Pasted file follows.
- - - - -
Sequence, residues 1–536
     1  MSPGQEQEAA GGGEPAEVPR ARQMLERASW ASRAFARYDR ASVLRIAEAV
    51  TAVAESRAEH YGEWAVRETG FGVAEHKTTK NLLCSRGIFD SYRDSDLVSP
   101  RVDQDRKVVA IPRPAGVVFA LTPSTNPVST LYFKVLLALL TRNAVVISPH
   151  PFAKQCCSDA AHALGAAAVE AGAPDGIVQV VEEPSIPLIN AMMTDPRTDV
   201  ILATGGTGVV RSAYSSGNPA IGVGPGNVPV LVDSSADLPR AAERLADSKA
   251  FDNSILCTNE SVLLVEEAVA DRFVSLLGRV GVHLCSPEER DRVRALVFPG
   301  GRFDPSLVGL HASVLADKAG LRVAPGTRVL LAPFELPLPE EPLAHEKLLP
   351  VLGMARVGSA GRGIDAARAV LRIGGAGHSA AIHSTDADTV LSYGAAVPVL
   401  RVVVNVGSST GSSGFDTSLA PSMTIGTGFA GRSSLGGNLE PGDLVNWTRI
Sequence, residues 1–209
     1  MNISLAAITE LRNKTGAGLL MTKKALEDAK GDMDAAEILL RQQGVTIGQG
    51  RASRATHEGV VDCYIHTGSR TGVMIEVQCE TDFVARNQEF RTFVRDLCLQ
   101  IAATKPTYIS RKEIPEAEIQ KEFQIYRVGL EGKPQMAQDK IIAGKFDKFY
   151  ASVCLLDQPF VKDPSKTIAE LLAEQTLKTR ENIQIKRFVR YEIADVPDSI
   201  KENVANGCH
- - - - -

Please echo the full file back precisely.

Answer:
Sequence, residues 1–536
     1  MSPGQEQEAA GGGEPAEVPR ARQMLERASW ASRAFARYDR ASVLRIAEAV
    51  TAVAESRAEH YGEWAVRETG FGVAEHKTTK NLLCSRGIFD SYRDSDLVSP
   101  RVDQDRKVVA IPRPAGVVFA LTPSTNPVST LYFKVLLALL TRNAVVISPH
   151  PFAKQCCSDA AHALGAAAVE AGAPDGIVQV VEEPSIPLIN AMMTDPRTDV
   201  ILATGGTGVV RSAYSSGNPA IGVGPGNVPV LVDSSADLPR AAERLADSKA
   251  FDNSILCTNE SVLLVEEAVA DRFVSLLGRV GVHLCSPEER DRVRALVFPG
   301  GRFDPSLVGL HASVLADKAG LRVAPGTRVL LAPFELPLPE EPLAHEKLLP
   351  VLGMARVGSA GRGIDAARAV LRIGGAGHSA AIHSTDADTV LSYGAAVPVL
   401  RVVVNVGSST GSSGFDTSLA PSMTIGTGFA GRSSLGGNLE PGDLVNWTRI
Sequence, residues 1–209
     1  MNISLAAITE LRNKTGAGLL MTKKALEDAK GDMDAAEILL RQQGVTIGQG
    51  RASRATHEGV VDCYIHTGSR TGVMIEVQCE TDFVARNQEF RTFVRDLCLQ
   101  IAATKPTYIS RKEIPEAEIQ KEFQIYRVGL EGKPQMAQDK IIAGKFDKFY
   151  ASVCLLDQPF VKDPSKTIAE LLAEQTLKTR ENIQIKRFVR YEIADVPDSI
   201  KENVANGCH